In D24652#542741, @kib wrote:
In D24652#542724, @kib wrote:

Just some thoughts on the MI components, I have only skimmed so far:

  • If we are not going to be API compatible with Linux, I don't really like the reuse of the "hugetlb" name. This can be finalized later of course.

Sure, but please propose the name.

Maybe "largepage" or "largemap"?

largemap is already taken, largepage might be. One slight advantage of 'hugetlb' is that somebody with Linux background would find it, despite FreeBSD feature is different. Largepage might be, but best would be to indicate that it is non-transparent non-demotion.

Ok. It can be left for now anyway.

  • Rather than having a separate pmap_enter_hugetlb(), why not extend pmap_enter() to handle psind=2? I think we will want this eventually anyway.

pmap_enter_hugetlb() is not equivalent to pmap_enter(psind = 1). For start, enter_hugetlb() asserts that there is no existing mapping, and that the requested mapping is very special, second I do not want to either slow-down existing pmap_enter() nor make its logic even more convoluted. I can see an argument that I should add a new PMAP_ENTER_HUGETLB flag and call pmap_enter(), while internally pmap_enter() would jump to pmap_enter_hugetlb().

We already have PMAP_ENTER_NOREPLACE to indicate the desired semantic. I do not really see why there would any performance impact: pmap_enter() handles the psind == 1 case in exactly one place where it calls pmap_enter_pde() and skips the rest of the function. So we could simply extend it to handle psind > 0 and call pmap_enter_pde() or pmap_enter_pdpe() depending on the request.

No, I do not believe that PMAP_ENTER_NOREPLACE has similar semantic, it bails out if a mapping exists. And I cannot reuse pmap_enter_pde() there as well. Just for example, there must be no existing mapping for the new flag, which PMAP_ENTER_NOREPLACE does not indicate.

I still think that branch out for PMAP_ENTER_LARGEPAGE (or some other name) is the best.

  • I assumed that we would use mmap() rather than having a HUGETLB_MMAP ioctl. mmap() can specify the required alignment with the MAP_ALIGNED() flag. The hugetlb device object can implement the populate method and return a page with m->psind == 2, so the device does not have to create the mapping. What are the disadvantages to using mmap() instead of HUGETLB_MMAP?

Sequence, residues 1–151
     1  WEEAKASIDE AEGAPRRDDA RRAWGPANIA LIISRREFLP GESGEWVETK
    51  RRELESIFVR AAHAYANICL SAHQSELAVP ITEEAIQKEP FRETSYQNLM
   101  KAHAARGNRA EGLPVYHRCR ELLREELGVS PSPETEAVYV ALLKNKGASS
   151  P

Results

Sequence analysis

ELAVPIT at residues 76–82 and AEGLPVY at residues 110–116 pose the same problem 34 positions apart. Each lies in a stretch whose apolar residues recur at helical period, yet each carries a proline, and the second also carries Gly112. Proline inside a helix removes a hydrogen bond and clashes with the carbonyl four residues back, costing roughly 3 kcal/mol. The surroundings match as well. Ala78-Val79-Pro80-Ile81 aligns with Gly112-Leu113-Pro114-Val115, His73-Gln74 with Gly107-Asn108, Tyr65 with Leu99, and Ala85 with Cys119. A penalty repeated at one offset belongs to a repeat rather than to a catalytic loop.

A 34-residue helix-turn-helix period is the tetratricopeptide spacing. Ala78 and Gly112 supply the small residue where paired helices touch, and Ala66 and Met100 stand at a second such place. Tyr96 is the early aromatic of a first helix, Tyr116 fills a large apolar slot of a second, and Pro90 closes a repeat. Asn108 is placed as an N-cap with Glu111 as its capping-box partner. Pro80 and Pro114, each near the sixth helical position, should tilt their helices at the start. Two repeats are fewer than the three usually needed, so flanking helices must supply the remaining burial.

One problem there is that I need to set some special map entry flags, another is that I need to avoid populating the object with any pages from any other syscalls until my population code do it. This is part of the problem in the API design, and it will be even more severe for e.g. posix shm, which is one of the reason why I went with /deb/hugetlb now to get things going in lower layers.

I agree that we should have a /dev/hugetlb to provide a configuration interface (e.g., to specify reclamation policy), but it looks like HUGETLB_MMAP is really just duplicating a subset of the mmap() interface, while lacking some centralized logic like capability rights checks. It should be possible to extend d_mmap_single() a bit to specify the required map entry flags.

No, m->psind = 2 cannot work now, this woud be very invasive change (it is different from pmap_enter(psind = 1)).

Ok, but do you agree that it is the right long-term direction? Even if the initial implementation is more specialized.

m->psind is tightly tied to the transparent promotion. I am not sure, my intuition strongly disagrees that transparent promotion to 1G could ever work. I think it would just cause 10-20% populated reservations to hang around never completing.

I really do not see why it is tightly coupled. Sure, vm_reserv sets it when a reservation is fully populated, but it is really only used by the fault handler. AFAIK there is no reason why a pager populate handler cannot set it either. Else why does vm_fault_populate() even try to handle m->psind != 0? The page fault handler does not set OBJ_COLORED when calling vm_pager_populate(). In fact I think Alan at one point mentioned that the populate interface was designed partly to accommodate an implementation of non-transparent superpages.

I agree that transparent promotion to 1GB is probably not important to userspace, at least for anon memory, but kernel_object could certainly make use of it on large systems.

Also, for 2M promotions, we have to check 512 ptes. For 1G, it is either 512x512 for 4k, or 512 for 2M. This is both unpractical and unbelievable. If a program do create very large memory allocations that benefit from contig and from PG_PS, then it typically expresses it explicitly, e.g. postgres.